OUR embattled Chancellor may be on the move, it seems. With his hopes of the top job perhaps dashed in the wake of his wife’s non-dom brouhaha, ‘Dishy’ Rishi Sunak is apparently ready to ship out to warmer Californian climes.
However, given that the story appears in Boris Johnson’s old haunt the Daily Telegraph, one certainly cannot rule out that it was deliberately planted by the Prime Minister or his allies to further damage Sunak’s chances prior to any fallout from the ongoing Partygate shenanigans.
That said, it has the depressing ring of truth about it – yet another high-flying, public school and Oxbridge metropolitan elite politician cashing in immediately their career passes its zenith: Not for them the humdrum reality of constituency service they signed up for.
In recent years, the concept of sitting out your time, at least until the next election, as a humble backbench MP after your fall from grace has been the exception rather than the norm.
Whatever their weaknesses as Prime Ministers, only Gordon Brown and Theresa May have behaved with basic decency towards ‘the little people’ after being dethroned.
American money seems a particular attraction in retirement for senior British politicians generally: George Osborne ended up working for American investment banks, Nick Clegg went to Facebook in California and Sunak now seems set to follow him out to the Golden State.
Most notoriously of all, of course, Blair cashed in spectacularly after signing Britain up to support America in the Iraq War, which killed hundreds of thousands and 179 British service personnel.
When it comes to Johnson’s turn, one can certainly see him following this dismal trend. Dubbed by James Delingpole the ‘fat Blair’, equally blessed with charisma and arguably even greater oratorical skills, given a fair wind he could become filthy rich whiling away his retirement quoting ancient Greek and Latin on the American lecture circuit.
The question is, though, how to become a ‘name’? In America Johnson, like almost all foreign political leaders, is probably little known. So was Blair prior to 9/11, and the accusation has dogged him ever since that his motivation in signing Britain up to the ‘War On Terror’ was selfish and opportunistic – a mixture of vanity and venality.
Only Blair will ever know what his true motivations were, but it begs a wider question – to what extent does the effect on your post-government opportunities now dictate British policy, particularly when America is involved?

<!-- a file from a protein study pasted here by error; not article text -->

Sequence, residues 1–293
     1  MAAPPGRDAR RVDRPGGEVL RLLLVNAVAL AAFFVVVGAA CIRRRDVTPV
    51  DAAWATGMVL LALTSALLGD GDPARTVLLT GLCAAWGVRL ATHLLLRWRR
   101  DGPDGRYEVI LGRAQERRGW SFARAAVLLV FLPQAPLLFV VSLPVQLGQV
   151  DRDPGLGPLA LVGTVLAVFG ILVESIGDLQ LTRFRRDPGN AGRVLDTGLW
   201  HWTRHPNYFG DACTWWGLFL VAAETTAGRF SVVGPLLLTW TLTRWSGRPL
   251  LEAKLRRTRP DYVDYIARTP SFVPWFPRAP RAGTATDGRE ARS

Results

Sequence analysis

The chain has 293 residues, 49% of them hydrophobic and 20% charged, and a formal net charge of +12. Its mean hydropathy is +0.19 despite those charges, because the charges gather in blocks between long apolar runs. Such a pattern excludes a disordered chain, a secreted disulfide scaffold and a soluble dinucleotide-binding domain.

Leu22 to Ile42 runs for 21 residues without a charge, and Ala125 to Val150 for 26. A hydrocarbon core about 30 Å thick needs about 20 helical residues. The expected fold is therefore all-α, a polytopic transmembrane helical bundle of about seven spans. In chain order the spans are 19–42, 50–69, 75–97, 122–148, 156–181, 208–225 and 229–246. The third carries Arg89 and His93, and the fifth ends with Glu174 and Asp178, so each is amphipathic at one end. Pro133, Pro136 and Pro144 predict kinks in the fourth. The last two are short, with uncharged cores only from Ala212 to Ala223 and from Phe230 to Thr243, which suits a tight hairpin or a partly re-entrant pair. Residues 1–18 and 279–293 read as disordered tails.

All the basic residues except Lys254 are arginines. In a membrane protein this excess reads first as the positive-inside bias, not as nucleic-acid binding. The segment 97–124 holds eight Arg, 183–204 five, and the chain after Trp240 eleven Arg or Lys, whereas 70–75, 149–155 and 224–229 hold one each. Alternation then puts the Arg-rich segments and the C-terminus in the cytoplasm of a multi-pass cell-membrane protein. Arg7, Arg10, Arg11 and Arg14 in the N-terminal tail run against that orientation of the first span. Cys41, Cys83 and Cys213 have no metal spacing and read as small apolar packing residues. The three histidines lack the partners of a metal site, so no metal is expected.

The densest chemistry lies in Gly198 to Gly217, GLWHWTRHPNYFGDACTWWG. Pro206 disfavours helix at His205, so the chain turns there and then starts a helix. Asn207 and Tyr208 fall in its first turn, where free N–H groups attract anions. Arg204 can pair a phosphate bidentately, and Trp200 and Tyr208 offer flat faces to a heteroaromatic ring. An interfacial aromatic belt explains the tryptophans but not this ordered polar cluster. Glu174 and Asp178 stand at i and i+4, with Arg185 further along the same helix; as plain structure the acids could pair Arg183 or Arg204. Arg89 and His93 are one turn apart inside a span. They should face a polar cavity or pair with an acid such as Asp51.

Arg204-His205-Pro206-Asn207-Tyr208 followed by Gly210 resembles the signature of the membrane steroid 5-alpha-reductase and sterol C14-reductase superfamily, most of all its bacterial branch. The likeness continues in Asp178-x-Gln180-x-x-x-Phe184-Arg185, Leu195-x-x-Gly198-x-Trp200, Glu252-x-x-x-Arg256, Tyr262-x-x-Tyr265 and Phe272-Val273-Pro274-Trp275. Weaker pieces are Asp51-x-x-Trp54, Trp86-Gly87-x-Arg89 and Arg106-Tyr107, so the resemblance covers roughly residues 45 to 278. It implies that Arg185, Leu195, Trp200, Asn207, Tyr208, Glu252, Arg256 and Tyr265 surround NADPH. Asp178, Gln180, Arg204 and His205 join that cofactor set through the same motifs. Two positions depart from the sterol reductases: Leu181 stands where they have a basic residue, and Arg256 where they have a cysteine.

The most pertinent current example is on the Northern Irish Protocol, and the Government’s inexplicable refusal to trigger Article 16. Yes, there are considerable downsides, a potential collapse of the trade agreement with the EU as well as American ire.
However surely all that should be easily trumped by the ongoing national humiliation, the drag it causes on the United Kingdom exploiting to the full its post-Brexit opportunities, the political and economic destabilisation of the province, a potential return to violence, and to cap it all, the nightmare of Sinn Fein topping the poll in the forthcoming May elections and subsequently demanding a border poll – something that no doubt the embattled, senile plastic Paddy in the White House would grasp with both hands.
Irish reunification would be a major legacy for Joe Biden to leave behind him in a presidency so far completely bereft of achievement. But could it not suit Johnson’s personal purposes too?
Clearly it would be a catastrophic political legacy – the Tories’ signal achievement on Brexit would turn out to be giving power to apologists for murder and terror. But perhaps Johnson calculates that outside of Ulster only hardline Brexiteers care about such things, and Johnson, we now know, is certainly not one of those.
Since the 2019 election he has shown an absolute contempt for the agenda he was elected to fulfil and those who elected him to office, instead currying favour with the metropolitan social circles he and his wife mix in on all manner of issues.
Standing up for the Union in the teeth of American opprobrium could probably blow his chances of earning big megabucks there in retirement – and all those children of his need to be provided for, after all.
Given that Johnson is such a notoriously cowardly and selfish individual, it is not too far-fetched to suggest that the prospects for Yankee gold could have at least some influence on his thinking.